Bobby Hart came to Florida State as a 16 year old wunderkind from Fort Lauderdale St. Thomas Aquinas. He had considerable hype given his youth and impressive ceiling.
By the end of his freshman year he was starting for the Seminoles. Heck, by the bowl game when the team started four freshman linemen, he was one of the most experienced guys in the trenches that day.
Then last year happened. A couple of junior college transfers Menelik Watson and Daniel Glauser came to Tallahassee and beat Hart out. As a result the 17 year-old sophomore was forced to ride the pine and learn an important lesson in humility.
“It was definitely tough, for any athlete it would be tough," admitted Hart. "But once you sit back and you understand why you’re in that predicament you mature and you learn from it, it can be a good thing, it just helps you be- in my case- more hungry and not be so complacent when you get back to that spot.”
It wasn't that Hart lost his hunger so much as immaturity got the best of him. As young as he was, to find himself starting for the Seminoles as a true freshman and playing in a bowl game against a team like Notre Dame, it got to his head a little bit.
“In a sense like unconsciously that’s just something you do like, 'oh you did everything to start as a freshman,'" said Hart. "I don’t know it's just like something that set in, you’re just not as hungry as you were before when you got it and now that it’s been taken away from you, now I understand it can be taken away at any moment so you just want to go out there and do everything you need to do in every moment.
“You just see the picture. When I first got here I was very narrow-minded, you just see things as they’re happening. Now I see things as a bigger picture like why things are happening, why I need to do things and stuff of that nature.”
Hart is 18 now, he will be 19 next season. He's still young, but his maturation is a welcome sign from coaches and teammates a like.
“Bobby’s actually my roommate so me and that guy, going back to high school and playing with him I can see a lot of maturity," said WR Rashad Greene, a teammate of Hart's at St. Thomas. "He’s taking things a lot more serious, you know coming up to the Spring we always had our talks and I can tell he really wants it bad and he’s going to do all he can to go out there to compete and do the best he can and take the coaching and just be ready at all times. We had all those talks and I can honestly say he’s ready, he’s focused.”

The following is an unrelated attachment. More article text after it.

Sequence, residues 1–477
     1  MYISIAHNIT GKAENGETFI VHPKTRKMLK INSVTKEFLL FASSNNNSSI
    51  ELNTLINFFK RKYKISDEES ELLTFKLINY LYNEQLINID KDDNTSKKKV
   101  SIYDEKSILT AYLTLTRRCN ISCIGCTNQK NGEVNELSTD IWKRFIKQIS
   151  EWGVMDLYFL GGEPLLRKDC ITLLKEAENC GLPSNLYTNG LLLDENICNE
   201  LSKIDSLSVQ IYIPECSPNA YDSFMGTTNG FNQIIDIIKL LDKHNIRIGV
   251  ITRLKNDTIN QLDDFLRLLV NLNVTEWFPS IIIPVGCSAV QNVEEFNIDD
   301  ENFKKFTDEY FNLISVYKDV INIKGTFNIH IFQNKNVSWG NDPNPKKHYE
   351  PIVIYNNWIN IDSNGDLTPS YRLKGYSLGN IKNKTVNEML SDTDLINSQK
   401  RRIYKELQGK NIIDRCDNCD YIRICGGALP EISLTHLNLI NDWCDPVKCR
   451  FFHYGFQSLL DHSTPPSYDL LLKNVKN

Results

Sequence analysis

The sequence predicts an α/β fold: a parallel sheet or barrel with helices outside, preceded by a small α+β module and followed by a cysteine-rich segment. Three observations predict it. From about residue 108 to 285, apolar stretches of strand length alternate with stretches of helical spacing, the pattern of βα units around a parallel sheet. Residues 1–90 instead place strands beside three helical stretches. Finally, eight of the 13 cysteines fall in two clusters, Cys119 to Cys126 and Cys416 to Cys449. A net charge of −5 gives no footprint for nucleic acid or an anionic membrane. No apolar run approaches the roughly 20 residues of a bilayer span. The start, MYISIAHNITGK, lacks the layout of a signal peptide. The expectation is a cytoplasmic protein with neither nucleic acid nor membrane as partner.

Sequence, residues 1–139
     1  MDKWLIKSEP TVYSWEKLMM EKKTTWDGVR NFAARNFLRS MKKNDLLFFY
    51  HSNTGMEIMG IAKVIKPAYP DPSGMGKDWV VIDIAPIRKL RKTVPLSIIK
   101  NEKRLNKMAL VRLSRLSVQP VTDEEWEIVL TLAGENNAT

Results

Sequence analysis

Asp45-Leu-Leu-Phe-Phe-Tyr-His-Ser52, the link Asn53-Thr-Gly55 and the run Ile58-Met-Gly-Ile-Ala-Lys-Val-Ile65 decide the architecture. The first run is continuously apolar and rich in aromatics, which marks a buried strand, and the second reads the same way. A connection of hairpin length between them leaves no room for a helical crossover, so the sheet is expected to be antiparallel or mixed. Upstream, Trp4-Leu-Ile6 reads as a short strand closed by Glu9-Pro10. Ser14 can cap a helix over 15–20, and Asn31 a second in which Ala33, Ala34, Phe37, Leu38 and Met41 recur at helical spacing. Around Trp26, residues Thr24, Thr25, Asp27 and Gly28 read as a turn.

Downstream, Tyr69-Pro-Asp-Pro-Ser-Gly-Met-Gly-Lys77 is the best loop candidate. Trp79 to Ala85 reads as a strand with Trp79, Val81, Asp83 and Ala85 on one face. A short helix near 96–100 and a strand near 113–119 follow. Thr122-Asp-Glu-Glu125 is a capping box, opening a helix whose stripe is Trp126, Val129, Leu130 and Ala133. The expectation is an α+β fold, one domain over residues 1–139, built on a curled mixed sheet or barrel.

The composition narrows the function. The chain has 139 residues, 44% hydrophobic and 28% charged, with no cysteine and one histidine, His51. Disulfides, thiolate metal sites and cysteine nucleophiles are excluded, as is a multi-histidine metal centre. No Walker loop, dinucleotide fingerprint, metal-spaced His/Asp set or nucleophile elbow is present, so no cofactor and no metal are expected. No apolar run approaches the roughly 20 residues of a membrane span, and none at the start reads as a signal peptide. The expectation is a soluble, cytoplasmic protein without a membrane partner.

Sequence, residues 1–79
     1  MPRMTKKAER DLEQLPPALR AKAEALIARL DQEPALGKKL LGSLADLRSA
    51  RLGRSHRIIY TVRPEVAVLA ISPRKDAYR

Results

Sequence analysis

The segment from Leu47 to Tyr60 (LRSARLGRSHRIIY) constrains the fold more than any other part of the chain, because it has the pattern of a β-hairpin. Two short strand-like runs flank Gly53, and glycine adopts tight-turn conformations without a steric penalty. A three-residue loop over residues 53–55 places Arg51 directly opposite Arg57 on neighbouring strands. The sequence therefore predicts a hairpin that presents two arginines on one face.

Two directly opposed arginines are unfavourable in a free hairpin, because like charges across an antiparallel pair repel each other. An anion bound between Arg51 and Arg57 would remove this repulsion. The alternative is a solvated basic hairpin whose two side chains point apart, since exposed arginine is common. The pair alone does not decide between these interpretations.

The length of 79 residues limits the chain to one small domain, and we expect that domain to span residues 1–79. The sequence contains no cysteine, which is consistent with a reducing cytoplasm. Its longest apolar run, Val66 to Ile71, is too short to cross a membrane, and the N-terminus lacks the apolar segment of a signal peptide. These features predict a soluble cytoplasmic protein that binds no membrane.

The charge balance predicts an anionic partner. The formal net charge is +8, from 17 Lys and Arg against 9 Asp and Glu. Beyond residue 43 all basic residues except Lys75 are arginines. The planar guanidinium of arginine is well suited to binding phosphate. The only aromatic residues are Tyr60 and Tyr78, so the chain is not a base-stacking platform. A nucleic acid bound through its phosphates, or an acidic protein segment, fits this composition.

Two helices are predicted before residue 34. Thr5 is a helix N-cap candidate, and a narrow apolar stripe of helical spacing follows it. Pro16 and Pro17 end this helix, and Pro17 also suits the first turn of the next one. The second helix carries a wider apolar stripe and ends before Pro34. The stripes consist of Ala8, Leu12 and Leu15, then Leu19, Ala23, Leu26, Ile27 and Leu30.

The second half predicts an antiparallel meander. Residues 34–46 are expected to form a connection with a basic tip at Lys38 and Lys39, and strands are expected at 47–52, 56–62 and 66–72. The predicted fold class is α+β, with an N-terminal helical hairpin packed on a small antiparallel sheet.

“He has improved probably the most of the whole entire offensive line, obviously he’s younger than us so he had to grow up a little but we as a unit have actually noticed how much he’s grown up," said C Austin Barron, another of Hart's former high school teammates. "Because he knows the role he has on the team right now that he’s the guy, he has to produce and he’s really taken his time and thought about what he has to do and he’s just executing out there and doing really well.”
Hart is challenging for the job as the starting right tackle. A job many believed he would win last year. But then Menelik Watson showed up and plans changed.
Nowadays Watson is looking like a potential first round NFL draft pick. The fact Hart wasn't able to beat him out seems a bit more understandable given the age difference between the two. Even despite the competition between though, Watson was still able to mentor Hart and help him become a better player.
“Menelik, what he did, he didn’t play much [before last year] but the way he made up for everything was by going full speed everything," said Hart. "So if he made a mistake he made it 100 miles an hour and that made up for everything. When you do that, I picked that up from him, when you do that you don’t make as many mistakes but when you do it’s more understandable because at least you were doing it 100%.”
Now Hart hopes those lessons and his newfound maturity will lend itself to a successful 2013 season.
“Really I’m not worried about whether I’m going to start right now," he said. "I’m just trying to go out there making sure I do everything right, taking all the coaching in, making sure I do everything to my full ability. Then I’ll leave that up to the coaches.”
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